I've been putting off writing about Eastercon because I don't really know how to write about it. I've been to a lot of Eastercons, but this was my first one as a professional novelist, and it was.... strange, as if I was in a familiar place but it had been tilted through 40 degrees and repainted and the floors were prone to shift. I'm used to the cons where I work in Green Room and chat to friends and attend programme items and even appear on a couple of same. And I did that, I was at that event. It was good. The site worked very wellÂ (the Cedar Court Hotel, Bradford) from a logistical point-of-view, although it suffered from having only limited bed space. Phil and I were lucky enough to be in the main hotel. Friends in overflows reported that these were pleasant, but none of them were inÂ particularly convenient locations and there were transport problems (mostly due to road closures, which are not the con-committee's fault). The bar staff were wonderful: no other word will do. Green Room stands or falls by the helpfulness of the hotel bar staff and these guys were total stars. They stayed charming, friendly, efficient and pleasant throughout, despite long shifts and their price is above rubies.
I was on three programme items, one on history and its uses and abuses in sf and fantasy, one on getting published, and one interactive story-telling one themed around Baron Munchausen. The first one tended to get derailed into historiography, which wasn't quite the brief and was partly my fault -- I was not only moderator, but it was my idea. We were perhaps a little under-prepared (also my fault) but my co-participants were terrific and the audience seemed engaged. The publishing one was interesting though I was definitely superfluous: the rest of the panel were agents and editors and it turned into a 'how do I get you to buy me?' Q & A session, to which I had little to add. Baron Munchausen rocked. A group of us dressed up and told tall tales of the Baron's exploits, with additions and suggestions from the audience. I had huge fun and want to do this again. (Possibly in a cooler room. Steel-boned corsets and 18th c. paniered skirts are inimical to overheated rooms.)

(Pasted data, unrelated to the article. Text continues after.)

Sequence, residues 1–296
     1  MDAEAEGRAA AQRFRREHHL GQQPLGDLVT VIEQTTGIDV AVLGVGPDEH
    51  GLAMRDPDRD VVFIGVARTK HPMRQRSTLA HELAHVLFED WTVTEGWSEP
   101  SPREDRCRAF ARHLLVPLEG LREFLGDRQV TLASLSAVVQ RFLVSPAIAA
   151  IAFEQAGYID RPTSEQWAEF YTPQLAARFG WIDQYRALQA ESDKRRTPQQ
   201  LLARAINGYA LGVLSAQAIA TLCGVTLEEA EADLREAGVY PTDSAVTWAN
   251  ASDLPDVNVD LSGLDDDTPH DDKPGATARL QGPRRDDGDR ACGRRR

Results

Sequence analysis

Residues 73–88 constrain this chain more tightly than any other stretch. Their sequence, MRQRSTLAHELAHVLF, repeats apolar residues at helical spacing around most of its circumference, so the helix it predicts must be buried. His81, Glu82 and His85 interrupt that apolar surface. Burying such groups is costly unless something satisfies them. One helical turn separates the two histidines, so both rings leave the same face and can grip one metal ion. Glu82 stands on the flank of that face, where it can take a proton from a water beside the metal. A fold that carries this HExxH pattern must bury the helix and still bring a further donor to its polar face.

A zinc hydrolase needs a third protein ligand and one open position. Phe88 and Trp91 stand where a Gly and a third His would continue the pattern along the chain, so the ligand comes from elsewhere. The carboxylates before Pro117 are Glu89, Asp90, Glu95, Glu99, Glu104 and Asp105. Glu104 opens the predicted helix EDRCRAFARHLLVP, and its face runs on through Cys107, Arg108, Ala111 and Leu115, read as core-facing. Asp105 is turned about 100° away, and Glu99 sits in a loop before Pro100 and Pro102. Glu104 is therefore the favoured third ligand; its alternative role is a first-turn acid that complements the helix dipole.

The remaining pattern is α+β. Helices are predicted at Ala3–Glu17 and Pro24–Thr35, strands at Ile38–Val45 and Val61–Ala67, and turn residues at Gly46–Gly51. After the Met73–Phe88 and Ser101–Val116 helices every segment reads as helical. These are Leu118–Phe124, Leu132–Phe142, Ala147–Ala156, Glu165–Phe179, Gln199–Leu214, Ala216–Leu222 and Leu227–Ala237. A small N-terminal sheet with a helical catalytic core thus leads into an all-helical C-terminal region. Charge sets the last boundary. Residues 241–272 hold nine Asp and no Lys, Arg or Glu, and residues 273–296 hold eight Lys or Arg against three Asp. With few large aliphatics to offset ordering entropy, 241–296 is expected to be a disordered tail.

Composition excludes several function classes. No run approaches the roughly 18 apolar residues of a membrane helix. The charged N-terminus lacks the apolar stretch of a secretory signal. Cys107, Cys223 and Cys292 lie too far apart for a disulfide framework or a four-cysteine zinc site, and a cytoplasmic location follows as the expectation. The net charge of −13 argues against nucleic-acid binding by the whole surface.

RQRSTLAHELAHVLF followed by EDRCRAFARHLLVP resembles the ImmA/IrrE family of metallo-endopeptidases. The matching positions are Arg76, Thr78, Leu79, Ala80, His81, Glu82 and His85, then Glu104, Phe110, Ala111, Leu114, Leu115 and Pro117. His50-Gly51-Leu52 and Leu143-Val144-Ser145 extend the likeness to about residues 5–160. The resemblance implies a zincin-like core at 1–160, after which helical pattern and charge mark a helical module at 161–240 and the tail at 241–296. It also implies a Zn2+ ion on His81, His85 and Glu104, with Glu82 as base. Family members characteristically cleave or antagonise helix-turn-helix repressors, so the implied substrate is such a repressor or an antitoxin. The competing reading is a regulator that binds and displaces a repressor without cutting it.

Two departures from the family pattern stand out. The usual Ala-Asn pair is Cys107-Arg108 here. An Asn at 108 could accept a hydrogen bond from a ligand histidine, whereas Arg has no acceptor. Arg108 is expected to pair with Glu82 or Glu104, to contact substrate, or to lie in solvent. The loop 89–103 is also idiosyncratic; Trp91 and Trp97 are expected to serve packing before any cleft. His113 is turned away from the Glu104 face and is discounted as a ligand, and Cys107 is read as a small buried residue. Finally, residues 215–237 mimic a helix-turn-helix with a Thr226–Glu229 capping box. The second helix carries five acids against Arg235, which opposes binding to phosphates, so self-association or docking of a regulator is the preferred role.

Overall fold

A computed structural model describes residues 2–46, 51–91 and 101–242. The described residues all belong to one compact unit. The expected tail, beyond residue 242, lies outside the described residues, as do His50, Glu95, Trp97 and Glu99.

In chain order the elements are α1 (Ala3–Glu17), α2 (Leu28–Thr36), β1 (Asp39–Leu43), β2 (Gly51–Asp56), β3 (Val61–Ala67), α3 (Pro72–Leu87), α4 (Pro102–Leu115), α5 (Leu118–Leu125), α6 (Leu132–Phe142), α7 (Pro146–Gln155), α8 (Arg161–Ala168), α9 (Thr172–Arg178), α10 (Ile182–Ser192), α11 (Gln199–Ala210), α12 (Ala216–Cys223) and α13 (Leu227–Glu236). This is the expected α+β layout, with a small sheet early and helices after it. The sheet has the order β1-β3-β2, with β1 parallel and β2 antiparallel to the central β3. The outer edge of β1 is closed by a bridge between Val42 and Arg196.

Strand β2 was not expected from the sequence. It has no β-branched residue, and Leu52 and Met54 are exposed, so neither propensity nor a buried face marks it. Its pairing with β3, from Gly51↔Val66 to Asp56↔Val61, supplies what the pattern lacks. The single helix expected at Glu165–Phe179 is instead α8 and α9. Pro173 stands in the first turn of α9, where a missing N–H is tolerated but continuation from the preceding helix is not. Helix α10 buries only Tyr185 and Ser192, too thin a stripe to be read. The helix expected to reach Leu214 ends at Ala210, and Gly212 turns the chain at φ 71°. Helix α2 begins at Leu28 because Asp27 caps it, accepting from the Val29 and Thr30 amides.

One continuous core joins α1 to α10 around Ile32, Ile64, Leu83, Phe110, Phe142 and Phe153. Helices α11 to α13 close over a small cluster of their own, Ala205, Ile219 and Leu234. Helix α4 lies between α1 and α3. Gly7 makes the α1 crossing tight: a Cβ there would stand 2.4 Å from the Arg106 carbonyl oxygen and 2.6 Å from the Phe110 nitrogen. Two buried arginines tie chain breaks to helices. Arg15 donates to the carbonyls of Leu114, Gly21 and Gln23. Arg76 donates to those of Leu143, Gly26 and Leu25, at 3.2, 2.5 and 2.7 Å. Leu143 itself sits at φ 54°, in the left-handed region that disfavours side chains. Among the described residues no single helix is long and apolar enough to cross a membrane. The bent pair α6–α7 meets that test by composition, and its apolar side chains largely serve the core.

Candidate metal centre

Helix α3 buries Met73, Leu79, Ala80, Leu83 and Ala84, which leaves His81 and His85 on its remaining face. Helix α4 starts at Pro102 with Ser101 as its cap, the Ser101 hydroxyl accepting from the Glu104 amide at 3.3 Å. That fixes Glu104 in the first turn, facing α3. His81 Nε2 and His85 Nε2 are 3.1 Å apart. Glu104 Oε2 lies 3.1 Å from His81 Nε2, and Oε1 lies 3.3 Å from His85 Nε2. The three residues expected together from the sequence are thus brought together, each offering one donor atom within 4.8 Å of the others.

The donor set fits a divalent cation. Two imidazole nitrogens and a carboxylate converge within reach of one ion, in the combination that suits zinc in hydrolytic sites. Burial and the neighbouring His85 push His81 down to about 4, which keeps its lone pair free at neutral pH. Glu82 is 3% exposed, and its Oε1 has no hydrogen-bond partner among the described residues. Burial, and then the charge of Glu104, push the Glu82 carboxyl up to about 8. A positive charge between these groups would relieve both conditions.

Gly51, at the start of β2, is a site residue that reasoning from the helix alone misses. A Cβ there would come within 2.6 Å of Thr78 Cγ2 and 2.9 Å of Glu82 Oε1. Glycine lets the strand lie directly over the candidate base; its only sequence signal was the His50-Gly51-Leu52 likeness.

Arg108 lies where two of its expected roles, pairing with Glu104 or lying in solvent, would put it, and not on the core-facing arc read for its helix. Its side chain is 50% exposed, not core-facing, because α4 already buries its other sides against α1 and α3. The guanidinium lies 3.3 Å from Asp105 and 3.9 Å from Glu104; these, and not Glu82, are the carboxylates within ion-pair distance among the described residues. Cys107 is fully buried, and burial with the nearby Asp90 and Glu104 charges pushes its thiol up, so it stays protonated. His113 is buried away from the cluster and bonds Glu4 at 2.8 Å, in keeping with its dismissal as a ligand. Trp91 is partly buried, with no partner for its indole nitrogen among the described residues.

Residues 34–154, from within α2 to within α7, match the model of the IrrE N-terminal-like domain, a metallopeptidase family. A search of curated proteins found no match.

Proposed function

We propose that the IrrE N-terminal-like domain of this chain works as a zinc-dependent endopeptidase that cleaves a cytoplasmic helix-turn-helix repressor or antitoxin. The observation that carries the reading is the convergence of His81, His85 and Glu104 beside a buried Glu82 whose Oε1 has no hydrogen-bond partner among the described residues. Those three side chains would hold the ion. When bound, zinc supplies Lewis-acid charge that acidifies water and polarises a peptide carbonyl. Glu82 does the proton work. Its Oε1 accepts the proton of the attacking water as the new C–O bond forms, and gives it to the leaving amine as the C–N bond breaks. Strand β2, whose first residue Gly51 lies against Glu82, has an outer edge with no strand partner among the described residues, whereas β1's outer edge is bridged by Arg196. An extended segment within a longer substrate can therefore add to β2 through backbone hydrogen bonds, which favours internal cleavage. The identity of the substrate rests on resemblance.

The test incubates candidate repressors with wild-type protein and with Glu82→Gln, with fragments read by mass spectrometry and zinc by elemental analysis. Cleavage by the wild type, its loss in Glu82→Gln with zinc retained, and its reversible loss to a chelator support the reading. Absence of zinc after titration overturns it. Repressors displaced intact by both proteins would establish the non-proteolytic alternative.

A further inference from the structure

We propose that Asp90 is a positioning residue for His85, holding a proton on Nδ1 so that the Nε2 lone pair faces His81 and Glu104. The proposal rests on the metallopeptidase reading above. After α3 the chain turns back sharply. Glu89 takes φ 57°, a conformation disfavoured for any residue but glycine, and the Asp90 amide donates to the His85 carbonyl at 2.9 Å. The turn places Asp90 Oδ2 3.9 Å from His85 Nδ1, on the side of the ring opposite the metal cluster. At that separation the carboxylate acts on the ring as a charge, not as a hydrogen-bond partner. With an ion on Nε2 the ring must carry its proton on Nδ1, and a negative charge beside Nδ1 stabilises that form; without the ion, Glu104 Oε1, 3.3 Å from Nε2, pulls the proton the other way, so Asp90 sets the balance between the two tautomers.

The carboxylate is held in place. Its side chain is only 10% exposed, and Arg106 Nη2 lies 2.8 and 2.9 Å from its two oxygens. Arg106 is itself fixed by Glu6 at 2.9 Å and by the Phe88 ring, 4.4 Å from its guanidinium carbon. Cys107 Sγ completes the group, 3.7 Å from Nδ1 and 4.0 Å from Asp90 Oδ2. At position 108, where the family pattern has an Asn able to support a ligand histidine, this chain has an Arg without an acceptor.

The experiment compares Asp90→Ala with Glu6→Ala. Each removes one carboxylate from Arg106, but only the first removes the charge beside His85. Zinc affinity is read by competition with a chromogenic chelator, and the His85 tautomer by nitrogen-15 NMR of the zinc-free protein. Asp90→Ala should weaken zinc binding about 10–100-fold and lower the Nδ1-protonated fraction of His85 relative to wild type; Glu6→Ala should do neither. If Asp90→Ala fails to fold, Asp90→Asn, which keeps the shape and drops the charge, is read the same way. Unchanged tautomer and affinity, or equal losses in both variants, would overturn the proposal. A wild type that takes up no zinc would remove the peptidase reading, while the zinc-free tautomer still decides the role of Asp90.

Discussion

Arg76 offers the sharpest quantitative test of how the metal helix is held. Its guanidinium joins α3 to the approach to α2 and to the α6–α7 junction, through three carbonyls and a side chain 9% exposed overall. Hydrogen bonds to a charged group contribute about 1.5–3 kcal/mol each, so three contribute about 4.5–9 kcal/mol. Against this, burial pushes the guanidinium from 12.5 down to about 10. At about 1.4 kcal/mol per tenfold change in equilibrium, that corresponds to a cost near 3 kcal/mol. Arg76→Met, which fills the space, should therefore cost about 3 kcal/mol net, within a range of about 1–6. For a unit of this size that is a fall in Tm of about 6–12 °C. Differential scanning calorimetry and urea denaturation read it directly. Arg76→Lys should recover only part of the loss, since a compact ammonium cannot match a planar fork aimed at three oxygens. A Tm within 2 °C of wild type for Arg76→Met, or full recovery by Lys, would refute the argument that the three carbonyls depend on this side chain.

But... People I know well and people I know less well talked to me about Living With Ghosts. They liked it. I am bad at dealing with compliments. They asked me to sign copies. (To date, I have remembered to sign 'Sperring' and not my real surname, but all the same...) I was talked to by professionals with whom I haven't interacted much in the past. I was talked to by editors.... This is not normal, this is not me.I don't know how to do this and I'm not good at it. (The case in point being when the lovely Juliet McKenna introduced me to a marketing lady with the rider 'This is Kari. She's right at the wrong end of the shameless self-promotion skills.'Â [My fault, as I started by apologising for bothering said marketing lady.]) Either I need lessons or I need a stunt double, as it feels deeply odd trying to sell myself. I am going to Worldcon in Montreal this year and I need to do better there. Any suggestions?